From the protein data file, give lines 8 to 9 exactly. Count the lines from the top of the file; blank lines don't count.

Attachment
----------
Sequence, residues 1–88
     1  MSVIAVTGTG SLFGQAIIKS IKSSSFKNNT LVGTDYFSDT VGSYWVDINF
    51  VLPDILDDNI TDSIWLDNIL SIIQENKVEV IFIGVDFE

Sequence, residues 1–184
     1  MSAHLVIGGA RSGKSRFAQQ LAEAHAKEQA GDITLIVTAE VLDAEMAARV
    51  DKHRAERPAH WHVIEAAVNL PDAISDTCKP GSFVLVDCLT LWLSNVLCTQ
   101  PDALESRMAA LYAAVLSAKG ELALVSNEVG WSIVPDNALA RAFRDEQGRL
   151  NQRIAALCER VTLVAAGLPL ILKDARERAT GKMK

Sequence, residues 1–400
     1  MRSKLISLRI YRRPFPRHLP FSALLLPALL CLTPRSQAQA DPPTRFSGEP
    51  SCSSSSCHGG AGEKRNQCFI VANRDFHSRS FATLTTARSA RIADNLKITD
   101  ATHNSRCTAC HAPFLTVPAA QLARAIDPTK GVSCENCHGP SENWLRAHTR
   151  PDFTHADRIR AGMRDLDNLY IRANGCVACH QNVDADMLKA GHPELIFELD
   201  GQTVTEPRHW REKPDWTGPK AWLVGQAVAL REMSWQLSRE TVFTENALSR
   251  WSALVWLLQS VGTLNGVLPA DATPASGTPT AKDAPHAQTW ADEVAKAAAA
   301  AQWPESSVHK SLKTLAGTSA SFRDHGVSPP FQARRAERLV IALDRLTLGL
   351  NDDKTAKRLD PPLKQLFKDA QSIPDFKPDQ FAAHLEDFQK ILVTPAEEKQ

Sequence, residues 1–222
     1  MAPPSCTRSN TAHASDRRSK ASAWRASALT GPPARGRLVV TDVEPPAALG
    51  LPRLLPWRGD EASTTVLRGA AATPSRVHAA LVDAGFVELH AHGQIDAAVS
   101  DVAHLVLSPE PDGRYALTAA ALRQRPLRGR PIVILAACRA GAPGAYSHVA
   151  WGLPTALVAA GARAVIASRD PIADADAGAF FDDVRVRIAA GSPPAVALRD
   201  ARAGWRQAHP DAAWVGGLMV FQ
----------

   151  NQRIAALCER VTLVAAGLPL ILKDARERAT GKMK

Sequence, residues 1–400